It wasn't clear if Joe Flacco was trying to convince himself or send a message to his teammates and the Ravens' coaches with his comments about the offense needing to be more aggressive.
But regardless of who he was talking to, Flacco clearly was saying he'd had enough of the status quo.
"We need to go after it," he told reporters last week. "We can't sit back and just expect us not to lose football games. We've got to go attack."
There's ample evidence illustrating the Ravens' conservative offensive approach so far in 2017. Flacco's average of 6.9 air yards per pass attempt is the league's second-lowest figure, according to NextGen Stats. Thirty-one other quarterbacks have completed more passes covering more than 20 yards.
As they emerge from their bye with realistic playoff prospects despite a 4-5 record, the Ravens clearly need a more threatening passing game. Their defense and special teams are solid. They've successfully rebooted their running game, which is ranked No. 10 in the league. But without a consistent downfield passing game, the offense has struggled overall.
Despite those issues, Head Coach John Harbaugh said last week that he continues to be able to envision the offense the Ravens want to deploy. The chance of him seeing it seemingly are improved now that wide receivers Jeremy Maclin, Mike Wallace and Breshad Perriman are all finally healthy at the same time and running back Danny Woodhead is expected back soon.
"I'm excited for the fact that we have our offensive weapons back," Harbaugh said Monday. "We need guys on the field. We need our guys out there making plays."
The quarterback obviously is ready to let it fly. Check out of checkdown mode, if you will.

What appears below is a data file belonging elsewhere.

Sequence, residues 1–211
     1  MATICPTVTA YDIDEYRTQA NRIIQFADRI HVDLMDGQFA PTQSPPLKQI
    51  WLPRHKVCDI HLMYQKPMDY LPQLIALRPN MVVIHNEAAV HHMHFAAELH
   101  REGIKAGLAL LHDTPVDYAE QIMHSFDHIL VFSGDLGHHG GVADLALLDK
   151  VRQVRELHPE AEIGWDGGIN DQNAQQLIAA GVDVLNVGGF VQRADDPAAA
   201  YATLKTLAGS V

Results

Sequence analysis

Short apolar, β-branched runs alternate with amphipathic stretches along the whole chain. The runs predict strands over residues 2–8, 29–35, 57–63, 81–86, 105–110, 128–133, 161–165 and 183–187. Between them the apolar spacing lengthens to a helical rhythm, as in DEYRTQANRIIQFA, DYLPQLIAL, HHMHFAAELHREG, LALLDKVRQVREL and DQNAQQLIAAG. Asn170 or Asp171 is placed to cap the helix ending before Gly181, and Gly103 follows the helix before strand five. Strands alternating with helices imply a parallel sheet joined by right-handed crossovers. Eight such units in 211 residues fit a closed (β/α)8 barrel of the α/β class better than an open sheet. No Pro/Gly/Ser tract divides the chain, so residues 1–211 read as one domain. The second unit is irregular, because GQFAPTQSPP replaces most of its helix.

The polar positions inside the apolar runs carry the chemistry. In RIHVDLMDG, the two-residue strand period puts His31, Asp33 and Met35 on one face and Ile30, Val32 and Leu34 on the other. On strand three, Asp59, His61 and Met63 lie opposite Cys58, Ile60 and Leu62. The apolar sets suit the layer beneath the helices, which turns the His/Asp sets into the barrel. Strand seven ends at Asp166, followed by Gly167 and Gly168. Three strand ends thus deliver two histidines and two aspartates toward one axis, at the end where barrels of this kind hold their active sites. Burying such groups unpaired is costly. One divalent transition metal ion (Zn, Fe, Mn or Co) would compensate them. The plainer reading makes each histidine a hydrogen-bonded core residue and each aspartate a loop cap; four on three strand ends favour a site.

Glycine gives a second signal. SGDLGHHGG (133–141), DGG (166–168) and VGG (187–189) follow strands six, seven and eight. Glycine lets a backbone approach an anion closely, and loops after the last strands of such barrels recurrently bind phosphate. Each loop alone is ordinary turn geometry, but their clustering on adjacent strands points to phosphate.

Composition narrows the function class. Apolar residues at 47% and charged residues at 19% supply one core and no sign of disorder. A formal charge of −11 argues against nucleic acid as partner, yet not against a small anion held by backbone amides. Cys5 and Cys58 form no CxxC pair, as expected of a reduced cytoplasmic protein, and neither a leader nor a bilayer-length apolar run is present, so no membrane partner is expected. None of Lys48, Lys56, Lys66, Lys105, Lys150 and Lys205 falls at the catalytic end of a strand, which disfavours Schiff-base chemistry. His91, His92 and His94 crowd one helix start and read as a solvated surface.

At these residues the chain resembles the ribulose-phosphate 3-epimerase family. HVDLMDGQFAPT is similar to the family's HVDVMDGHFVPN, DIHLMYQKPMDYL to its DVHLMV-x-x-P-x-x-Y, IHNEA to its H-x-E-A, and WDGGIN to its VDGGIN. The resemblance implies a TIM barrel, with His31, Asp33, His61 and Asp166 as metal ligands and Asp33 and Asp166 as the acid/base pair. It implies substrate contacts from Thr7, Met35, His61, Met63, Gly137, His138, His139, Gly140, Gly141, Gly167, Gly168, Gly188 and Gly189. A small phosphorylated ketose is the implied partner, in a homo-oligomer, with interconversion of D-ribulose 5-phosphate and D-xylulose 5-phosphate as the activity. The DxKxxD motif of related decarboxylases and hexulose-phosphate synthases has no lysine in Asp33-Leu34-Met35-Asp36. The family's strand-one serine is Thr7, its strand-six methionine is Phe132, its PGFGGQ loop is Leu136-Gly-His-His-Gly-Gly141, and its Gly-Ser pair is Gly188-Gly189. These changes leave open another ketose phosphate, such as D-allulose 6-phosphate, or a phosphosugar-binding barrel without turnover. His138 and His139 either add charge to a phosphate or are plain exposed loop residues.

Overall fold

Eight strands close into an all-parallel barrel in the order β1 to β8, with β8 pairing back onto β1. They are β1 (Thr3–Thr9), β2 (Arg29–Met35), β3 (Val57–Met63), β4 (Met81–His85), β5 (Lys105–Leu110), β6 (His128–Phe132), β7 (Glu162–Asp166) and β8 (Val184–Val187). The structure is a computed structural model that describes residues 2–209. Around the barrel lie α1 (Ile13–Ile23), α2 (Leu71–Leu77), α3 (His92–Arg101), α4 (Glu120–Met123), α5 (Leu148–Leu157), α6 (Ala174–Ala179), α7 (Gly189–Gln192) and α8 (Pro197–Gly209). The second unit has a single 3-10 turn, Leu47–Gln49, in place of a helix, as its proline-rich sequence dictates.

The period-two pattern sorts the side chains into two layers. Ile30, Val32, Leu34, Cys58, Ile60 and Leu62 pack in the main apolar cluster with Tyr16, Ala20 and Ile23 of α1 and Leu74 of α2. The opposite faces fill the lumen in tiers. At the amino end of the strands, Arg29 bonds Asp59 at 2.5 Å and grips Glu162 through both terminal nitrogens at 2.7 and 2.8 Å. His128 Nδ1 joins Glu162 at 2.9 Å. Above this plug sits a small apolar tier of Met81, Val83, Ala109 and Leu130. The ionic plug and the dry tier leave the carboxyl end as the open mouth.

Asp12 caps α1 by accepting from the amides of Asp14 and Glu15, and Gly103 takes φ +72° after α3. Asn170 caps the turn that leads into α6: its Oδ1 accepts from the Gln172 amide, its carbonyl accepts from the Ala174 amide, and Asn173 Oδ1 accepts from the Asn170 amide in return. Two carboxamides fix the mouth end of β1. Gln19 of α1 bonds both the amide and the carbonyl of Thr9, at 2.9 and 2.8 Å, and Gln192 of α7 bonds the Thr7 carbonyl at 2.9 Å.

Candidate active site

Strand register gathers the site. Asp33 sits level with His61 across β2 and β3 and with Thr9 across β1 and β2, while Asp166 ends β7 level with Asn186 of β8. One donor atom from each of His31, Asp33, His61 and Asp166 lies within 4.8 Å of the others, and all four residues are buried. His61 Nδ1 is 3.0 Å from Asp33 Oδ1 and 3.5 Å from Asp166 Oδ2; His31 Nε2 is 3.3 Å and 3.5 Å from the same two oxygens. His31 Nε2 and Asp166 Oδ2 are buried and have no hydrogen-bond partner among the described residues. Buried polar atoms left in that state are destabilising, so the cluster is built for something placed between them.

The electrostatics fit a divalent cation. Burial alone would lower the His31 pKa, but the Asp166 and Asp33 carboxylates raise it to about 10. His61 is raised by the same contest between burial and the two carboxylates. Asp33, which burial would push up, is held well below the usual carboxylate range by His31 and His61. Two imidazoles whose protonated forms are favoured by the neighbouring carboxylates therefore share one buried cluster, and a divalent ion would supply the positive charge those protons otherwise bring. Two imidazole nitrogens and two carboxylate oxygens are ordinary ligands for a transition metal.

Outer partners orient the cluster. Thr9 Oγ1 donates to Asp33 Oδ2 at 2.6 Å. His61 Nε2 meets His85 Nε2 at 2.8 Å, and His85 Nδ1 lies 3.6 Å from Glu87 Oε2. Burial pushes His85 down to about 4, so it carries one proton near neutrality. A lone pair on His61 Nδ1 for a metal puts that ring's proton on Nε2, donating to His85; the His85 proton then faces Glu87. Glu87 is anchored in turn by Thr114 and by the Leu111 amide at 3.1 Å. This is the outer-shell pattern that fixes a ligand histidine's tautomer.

"We're a 4-5 football team. You always look at teams that are in this position and feel they have nothing to lose – and we should feel that way. We've got to go out there and leave it all out there," Flacco said last week.
His words, no doubt, were cheered by everyone from the Ravens receivers, who want more chances, to the fans, who want more excitement.
But I would caution against believing that he said salvation lies in simply forgoing caution and going with an all-out air attack. No, Flacco and the Ravens have learned an important lesson about that in the past few years - namely, that it doesn't work.
They're 3-11 over the past two seasons when Flacco attempts at least 40 passes. They're 9-2 over the same period when Flacco attempts fewer than 40 passes.
It's clear the goal shouldn't be a reliance on one element over another, but rather, a balance between a running game that is already effective this year and a passing game that needs to be stretched.
Flacco isn't suggesting a return to the pass-happy blueprint of a year ago. He's saying the Ravens need to be more aggressive *when *they pass the ball. Big difference.
Remember when then-Offensive Coordinator Gary Kubiak used a strong ground game to set up the pass in 2014? The Ravens ranked in the top 10 in rushing, No. 13 in passing and set a franchise record for points in a season.
No, life isn't so perfect that the Ravens can just flip a switch and start replicating that performance now that everyone is healthy. Their offense has been much too inconsistent so far to project that.
But the quality of the running game does offer hope for better days ahead, as do Wallace and Maclin, veterans with track records of delivering big plays.
For sure, a lot of things need to go right, starting with the offensive line protecting Flacco better. The Tennessee Titans threw him off with a persistent pass rush in the Ravens' last game. You can be sure the Green Bay Packers will bring more heat Sunday.
Flacco also has to make fewer mistakes, and his receivers need to catch balls that hit them in the hands.
Do the Ravens need to "attack" more? No doubt about it.
But the key word, as always, is balance.